The same time when our problems are getting more intractable, both biology and longevity-induced fatigue appear to be taking their toll on the remaining and residual cohort of the Ya Tiwulid. As a result, the Ya Tiwulid is fading away from the Ethiopian political scene, which it had dominated for close to half a century. According to an online Cambridge English dictionary, to fade away means to slowly disappear, lose importance, or become weaker. Hence, the ‘fading away’ argument here does not necessarily imply that it has started to suddenly disappear into oblivion; rather, it means that its grip on the Ethiopian politics is becoming weaker, and in the next five to ten years, its influence might even be relegated to a thing of the past.

On the other hand, we are observing the emergence of the Millennials on the Ethiopian political scene. Although the term Millennials is often used to refer to those who were born between 1982-2002, I use the term here to refer generally to those who were born toward the end of the Cold War and came of age during the reign of the EPRDF. The impeding waning of the political influence of the Ya Tiwulid and the likely gradual takeover of the Ethiopian politics by the Millennials would force us to raise questions as to what lie ahead. In other words, how will the impeding generational shift shape the Ethiopian political terrain? Will it signal continuity or rupture in the realm of our national politics? What does the future hold for the Ethiopian state in general and the Ethiopian national politics in particular? What are our hopes as well as our fears going forward?

It is understandable that providing definitive answers to these questions would obviously require one to be a prophet rather than a humble political analyst. And the purpose of this piece is not to effect a declaration of prophecy over the future direction of Ethiopian national politics under the auspices of the Millennials; rather, it is an attempt to provide a tentative analysis of potentially plausible political developments with the Millennials in the ‘driver’s seat.’

In order to begin with the analysis, we have to recall our theoretical discussion about generations in which I have indentified two important factors that could explain how a generation might behave once it comes of age. These are the socio-historical contexts under which a generation grows and comes of age. From the historical point of view, the millennials grew up during the time when the liberal capitalist market democracy triumphed over communism following the disintegration of the former Soviet Union in 1991, and became the dominant and widely appealing organizing principle for politico-economic development around the world. This means that unlike its predecessor, this generation did not have to contend with the issue of having to pay allegiance to any particular ideological dogma as there was no any measure ideological war. What is more, this is the generation that has found itself in the midst of an unprecedented proliferation of communication technology that transcends temporal and spatial barriers; that breaks monopoly over information; that facilitates interconnectivity and interaction; and that empowers citizens by enabling them to reclaim their agency. This was also the time the phenomenon of globalization has swept the world.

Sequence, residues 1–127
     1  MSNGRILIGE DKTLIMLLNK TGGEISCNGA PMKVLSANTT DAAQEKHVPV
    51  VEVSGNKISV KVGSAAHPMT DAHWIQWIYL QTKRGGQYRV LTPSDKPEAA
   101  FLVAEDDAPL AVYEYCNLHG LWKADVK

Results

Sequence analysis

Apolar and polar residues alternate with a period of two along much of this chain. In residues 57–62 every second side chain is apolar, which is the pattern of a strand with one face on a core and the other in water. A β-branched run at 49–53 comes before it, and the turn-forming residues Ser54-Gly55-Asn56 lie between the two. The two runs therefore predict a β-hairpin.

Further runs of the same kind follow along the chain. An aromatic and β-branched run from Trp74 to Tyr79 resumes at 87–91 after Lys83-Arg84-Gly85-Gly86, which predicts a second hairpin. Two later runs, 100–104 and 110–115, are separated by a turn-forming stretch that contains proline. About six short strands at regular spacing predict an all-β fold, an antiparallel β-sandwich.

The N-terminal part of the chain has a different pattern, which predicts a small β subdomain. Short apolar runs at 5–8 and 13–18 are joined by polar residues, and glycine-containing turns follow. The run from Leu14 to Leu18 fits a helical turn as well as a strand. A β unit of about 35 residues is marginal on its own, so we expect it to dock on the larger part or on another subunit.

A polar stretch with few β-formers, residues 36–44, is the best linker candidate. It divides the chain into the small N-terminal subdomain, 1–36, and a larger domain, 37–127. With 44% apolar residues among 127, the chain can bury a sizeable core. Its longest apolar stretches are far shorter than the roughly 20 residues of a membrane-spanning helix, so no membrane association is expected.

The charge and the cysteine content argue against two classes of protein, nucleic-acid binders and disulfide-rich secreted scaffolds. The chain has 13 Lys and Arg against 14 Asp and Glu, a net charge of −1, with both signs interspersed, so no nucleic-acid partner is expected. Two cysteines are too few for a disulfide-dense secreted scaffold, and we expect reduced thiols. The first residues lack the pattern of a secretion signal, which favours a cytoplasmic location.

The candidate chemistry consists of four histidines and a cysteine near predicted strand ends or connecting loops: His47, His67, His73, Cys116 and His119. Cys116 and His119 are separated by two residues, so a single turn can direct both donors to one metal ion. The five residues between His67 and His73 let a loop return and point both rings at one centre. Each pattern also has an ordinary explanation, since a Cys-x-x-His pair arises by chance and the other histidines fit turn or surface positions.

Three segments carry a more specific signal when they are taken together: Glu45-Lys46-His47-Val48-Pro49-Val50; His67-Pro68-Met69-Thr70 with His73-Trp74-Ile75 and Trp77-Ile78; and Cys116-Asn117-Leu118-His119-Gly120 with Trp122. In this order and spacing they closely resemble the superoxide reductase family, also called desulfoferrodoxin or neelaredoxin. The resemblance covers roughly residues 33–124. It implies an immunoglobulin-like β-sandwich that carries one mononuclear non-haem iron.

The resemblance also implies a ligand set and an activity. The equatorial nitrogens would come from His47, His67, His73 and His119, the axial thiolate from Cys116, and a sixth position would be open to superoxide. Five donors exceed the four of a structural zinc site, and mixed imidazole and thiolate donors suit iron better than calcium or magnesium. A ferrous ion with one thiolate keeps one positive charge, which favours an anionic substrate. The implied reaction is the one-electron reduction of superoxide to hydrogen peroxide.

On the sociological side, the Millennials grew up in a society that has been undergoing radical reorientation and restructuring on many fronts. They have witnessed the division of the society on the basis of ethno-linguistic cleavages and the resultant meteoric rise of ethno-linguistic consciousness among the various groups and the uncritical celebration and valorization of ‘nativism.’ They are the product of a society whose access to power and resources has normatively been fought along ethnic fault lines. Theirs is a society that has been characterized by favoritism and nepotism and an unconcealed contempt for meritocracy. It is also a society where the hitherto taken-for-granted and shared grand narratives about national history, national culture, national symbols and the whole notion of Ethiopiawinet have been contested, deconstructed and displaced, and where new ones have been constructed/reconstructed and invented/reinvented. In general, theirs is a society that has been preoccupied with an exercise of self-construction/reconstruction in the form of ‘imagined communities,’ to borrow Benedict Anderson’s phrase.